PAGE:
So when building loudseakers...what?


2008-02-16 4:19 am
Hello everybody, Im here for a specific reason. Ive decided that I must build a pair of speakers for myself. However, I also instantly realize I know little about this topic.

Well, This is one huge grouping of questions, so be warned, this might be uncomfortable for most to read.

I am going to build a pair of floorstanding louspeakers. Thats settled. Should I put a woofer, a midrange speaker, and a tweeter in each stand? Or should I go with a sub in the middle with midranges and tweeter on the sides? Ill quickly throw out that im a jazz/acoustic listener in case that helps. I think I want to go with the 3 speaker per side setup, so now I need to choose some drivers. I need them to cover the audio range or match or whatever they should do, so are there any known foolproof combinations out there? What do I need to use these speakers once there built? Can I just use my receiver with its 8/4 ohm adjustment? Ive a couple of friends who are electricians so I can work out a schematic. How about speakerbox construction? I know woofers need their air volume and the boxes should be sealed and made of hardwood, but is there something else thats just as important? Lastly, if there is a complete tutorial for building speakers that has a finished sound quality greater than 1980's jbls or bose 301's id certainly consider it, I have not found one that is complete yet.

Well, those are the questions. I build instruments and ive decided sound is amazing, and I just cant settle with bad speakers anymore. Ive all the tools needed to build these, including the boxes. Thanks for any and all help.
Welcome to the club. Be careful this can get very addicting.
I would suggest at this stage, you consider a kit speaker. A lot of technical work goes into getting a speaker right so you might as well take advantage of another persons knowledge. There are many out there so I will let others tell you their favourites. I suggest you first decide whether you wish a woofer box and two satellite speakers or the floor-standers you mentioned. Either is a good option. Along with that, give an idea of the maximum dimensions of what you can fit into your area. How loud do you like it to be and what sort of amplifier do you have?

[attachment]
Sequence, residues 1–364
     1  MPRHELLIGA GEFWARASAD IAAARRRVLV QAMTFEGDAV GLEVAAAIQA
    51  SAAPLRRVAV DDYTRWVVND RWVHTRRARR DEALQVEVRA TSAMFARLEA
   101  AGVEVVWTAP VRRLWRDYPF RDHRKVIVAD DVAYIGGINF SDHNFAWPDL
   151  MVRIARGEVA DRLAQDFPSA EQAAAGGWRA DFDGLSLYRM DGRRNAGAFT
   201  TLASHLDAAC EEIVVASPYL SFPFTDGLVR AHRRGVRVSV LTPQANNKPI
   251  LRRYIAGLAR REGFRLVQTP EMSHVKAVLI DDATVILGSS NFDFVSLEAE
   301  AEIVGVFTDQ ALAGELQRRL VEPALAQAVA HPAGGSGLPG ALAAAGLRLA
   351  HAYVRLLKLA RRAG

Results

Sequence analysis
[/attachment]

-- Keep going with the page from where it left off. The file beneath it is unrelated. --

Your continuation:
There, that oughta get us started.
It would also help to have an idea for your budget. I don't want to undermine the idea of DIY speakers, it's just a lot more work than just building a box to house the drivers.

Like many things HiFi, cost has an effect on quality. i.e. very good drivers run a couple hundred each, so for a three way that would be $1200 in drivers alone. At those kind of prices you are well into the diminishing returns curve and it makes little sense to spend that kind of money unless you have a truly first class system to power them.

There are cheaper drivers, and lots of people have favorites, but often these are at some price point. The actual cabinet materials also matter, many folks like extra thick MDF cabinets, but 1 1/2 inch thick will cost double a 3/4 inch thick cabinet. The same kinds of thoughts apply to crossover components.

You said you have tools, probably you mean carpentry tools, electronic tools and/or software is also needed to design your own speaker from scratch.

Kits are often a good compromise between saving money and getting a quality result. This is even more true for a first project.

So in the end you won't save that much money, but you will learn a lot. Patience and perseverance are also qualities that you will need to design and build your own speakers. If you have a buddy and build 4 speakers it will also help to get the project done


2008-02-16 4:19 am
Thanks for all the information so far, im going to be reading for many hours on thoes pages dublin! So to follow up with some more thoughts, Ive decided a kit would be wise for my first go around, I'd like to go for a 2 floorstanding speaker setup with the 2 drivers and tweeter in each, but if thats not available in kit form then I wont do that. Just something simmilar in that situation. Id like to try to keep the cost under a grand, if possible. And lastly, Im just getting into the whole audio quality thing, so I do not have anything amazing to power these. Just a Sony receiver and a Technics turntable. Eventually id like to go all tube, but for now im considering getting a marantz receiver.
Bang for buck, I have a feeling that these would be up there and very suitable for most styles of music. Paul is a musician himself.

Cab construction is very easy and straightforward, cutting diagrams available, bill of parts etc.

I hope Paul will get that x-o diagram for V3 up again soon, he has been having issues with getting it to stay there for some reason.
Ahh, there we go. Everything's all fixted up. The TB version was a new challenge, with the mids in parallel. I wanted to keep the impedance at a reasonable level, but I think it all came together well. They have a nice 3-dimensional soundstage and the midrange sounds very real. I basically tuned these speakers TO the midrange instruments: vocals, guitar, snare drum, etc. They should definitely satisfy a jazz listener--well, they satisfy this jazz listener, anyway ;-)